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Hancock announces citywide effort to vacate low-level marijuana convictions

Posted at 9:45 AM, Dec 04, 2018
and last updated 2018-12-05 00:17:00-05

DENVER — As part of Denver’s continuing effort to promote inclusion for people and communities disproportionally impacted by the war on drugs, Mayor Michael B. Hancock announced on Tuesday a citywide effort to vacate low-level marijuana convictions that occurred before marijuana legalization.

Between 2001 and 2013, more than 10,000 people were convicted of low-level marijuana crimes in Denver that are now legal and eligible for expungement.

“For too long, the lives of low-income residents and those living in our communities of color have been negatively affected by low-level marijuana convictions,” Hancock said. “This is an injustice that needs to be corrected, and we are going to provide a pathway to move on from an era of marijuana prohibition that has impacted the lives of thousands of people.”

This decision comes in the wake of several months of necessary review by the Office of Marijuana Policy and the City Attorney’s Office. Marijuana Policy and the City Attorney’s Office are also working with the District Attorney, Denver County Courts and stakeholders to develop a process for expunging records. In June, at the meeting of the U.S. Conference of Mayors, Hancock signaled his early support for this policy by signing a resolution calling for cities to vacate certain marijuana misdemeanors.

This focus includes a multi-pronged approach to ensuring that communities who have been disproportionately impacted by the war on drugs can benefit from the legalization of marijuana. The city has been exploring a variety of tactics, including the continued use of marijuana tax revenue to support low- and moderate-income neighborhoods, obtaining data related to the marijuana industry and identifying areas of need in workforce development and licensing ownership and entrepreneurship.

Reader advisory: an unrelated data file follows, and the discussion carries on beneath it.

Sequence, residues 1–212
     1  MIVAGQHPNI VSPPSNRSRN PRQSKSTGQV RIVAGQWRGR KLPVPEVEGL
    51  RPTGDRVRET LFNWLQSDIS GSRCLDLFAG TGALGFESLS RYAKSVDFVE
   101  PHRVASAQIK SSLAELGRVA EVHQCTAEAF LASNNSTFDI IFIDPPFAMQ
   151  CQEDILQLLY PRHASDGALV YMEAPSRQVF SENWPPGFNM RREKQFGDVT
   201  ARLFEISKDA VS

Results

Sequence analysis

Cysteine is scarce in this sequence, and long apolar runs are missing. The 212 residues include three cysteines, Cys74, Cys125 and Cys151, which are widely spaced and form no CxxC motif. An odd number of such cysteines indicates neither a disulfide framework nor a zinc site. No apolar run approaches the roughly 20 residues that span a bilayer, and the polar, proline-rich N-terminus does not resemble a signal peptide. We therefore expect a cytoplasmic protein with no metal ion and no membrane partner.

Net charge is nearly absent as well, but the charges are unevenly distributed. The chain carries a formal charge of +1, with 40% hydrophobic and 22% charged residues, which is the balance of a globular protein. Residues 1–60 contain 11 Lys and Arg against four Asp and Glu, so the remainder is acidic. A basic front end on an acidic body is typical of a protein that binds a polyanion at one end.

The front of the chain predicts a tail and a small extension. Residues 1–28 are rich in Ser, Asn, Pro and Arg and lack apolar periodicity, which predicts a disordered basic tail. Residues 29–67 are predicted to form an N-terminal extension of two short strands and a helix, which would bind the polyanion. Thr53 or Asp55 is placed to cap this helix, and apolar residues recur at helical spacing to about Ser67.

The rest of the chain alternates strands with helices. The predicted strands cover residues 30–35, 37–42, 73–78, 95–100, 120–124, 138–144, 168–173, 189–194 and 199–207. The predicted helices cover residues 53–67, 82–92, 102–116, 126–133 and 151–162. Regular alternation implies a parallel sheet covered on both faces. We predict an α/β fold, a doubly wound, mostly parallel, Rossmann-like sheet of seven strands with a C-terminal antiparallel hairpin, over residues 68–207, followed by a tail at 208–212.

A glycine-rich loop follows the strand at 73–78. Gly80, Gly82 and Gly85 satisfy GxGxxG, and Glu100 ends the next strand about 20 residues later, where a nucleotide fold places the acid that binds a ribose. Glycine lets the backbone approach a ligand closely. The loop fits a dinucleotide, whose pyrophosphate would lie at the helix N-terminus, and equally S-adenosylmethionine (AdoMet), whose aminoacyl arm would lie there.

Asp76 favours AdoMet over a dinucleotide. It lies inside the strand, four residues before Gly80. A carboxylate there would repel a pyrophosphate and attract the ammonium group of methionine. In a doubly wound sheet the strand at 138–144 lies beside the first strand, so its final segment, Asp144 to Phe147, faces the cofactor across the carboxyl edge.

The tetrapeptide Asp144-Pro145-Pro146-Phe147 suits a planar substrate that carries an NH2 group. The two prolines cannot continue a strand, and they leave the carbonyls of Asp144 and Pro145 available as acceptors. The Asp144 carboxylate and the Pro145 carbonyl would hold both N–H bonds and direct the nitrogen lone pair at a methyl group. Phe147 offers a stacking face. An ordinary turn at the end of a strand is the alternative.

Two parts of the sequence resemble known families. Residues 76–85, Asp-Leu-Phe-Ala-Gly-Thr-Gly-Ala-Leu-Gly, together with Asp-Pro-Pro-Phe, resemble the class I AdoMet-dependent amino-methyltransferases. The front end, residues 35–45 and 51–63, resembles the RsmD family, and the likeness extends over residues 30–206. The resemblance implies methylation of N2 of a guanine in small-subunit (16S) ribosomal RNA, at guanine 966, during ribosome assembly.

“We need to better understand the obstacles, business conditions and regulatory hurdles preventing individuals from seeking employment or business ownership in the cannabis industry,” Hancock said. “We believe in equal opportunity for all, and that includes those working in the cannabis industry.”

The marijuana market in Denver is prospering — the marijuana tax revenue made up 3.41 percent of Denver’s overall revenue in 2017. That figure is projected to rise to approximately 3.6 percent in 2018. In 2017, an estimated 3,250 jobs in Denver were a direct result of the marijuana industry, with another 6,000 estimated jobs resulting from secondary impacts such as related retail and service activities. Denver’s current total employment totals more than 520,000 jobs, meaning direct and indirect marijuana employment accounts for about 2 percent of the total Denver employment.

This focus on expunging convictions and improving equity in Denver’s marijuana market also follows the passage in August of Hancock’s proposal to raise Denver’s special recreational tax to 5.5 percent. These new funds are expected to double the amount of money Denver is dedicating to developing more affordable housing options in the city and create more than 6,000 additional units over the next five years.